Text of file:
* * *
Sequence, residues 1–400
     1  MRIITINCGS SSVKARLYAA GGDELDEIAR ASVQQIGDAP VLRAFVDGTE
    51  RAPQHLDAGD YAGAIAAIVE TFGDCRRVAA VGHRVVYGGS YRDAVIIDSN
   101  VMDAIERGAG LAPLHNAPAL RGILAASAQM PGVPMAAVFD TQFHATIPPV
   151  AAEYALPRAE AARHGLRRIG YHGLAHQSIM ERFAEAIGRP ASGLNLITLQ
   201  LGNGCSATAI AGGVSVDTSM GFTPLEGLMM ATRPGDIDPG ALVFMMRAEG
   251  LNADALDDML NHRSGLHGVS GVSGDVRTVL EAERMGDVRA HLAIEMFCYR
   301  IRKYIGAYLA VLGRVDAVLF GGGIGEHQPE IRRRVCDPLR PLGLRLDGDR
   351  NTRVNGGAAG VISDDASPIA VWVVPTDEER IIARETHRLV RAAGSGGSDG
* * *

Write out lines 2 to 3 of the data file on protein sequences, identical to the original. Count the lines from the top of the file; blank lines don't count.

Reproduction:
     1  MRIITINCGS SSVKARLYAA GGDELDEIAR ASVQQIGDAP VLRAFVDGTE
    51  RAPQHLDAGD YAGAIAAIVE TFGDCRRVAA VGHRVVYGGS YRDAVIIDSN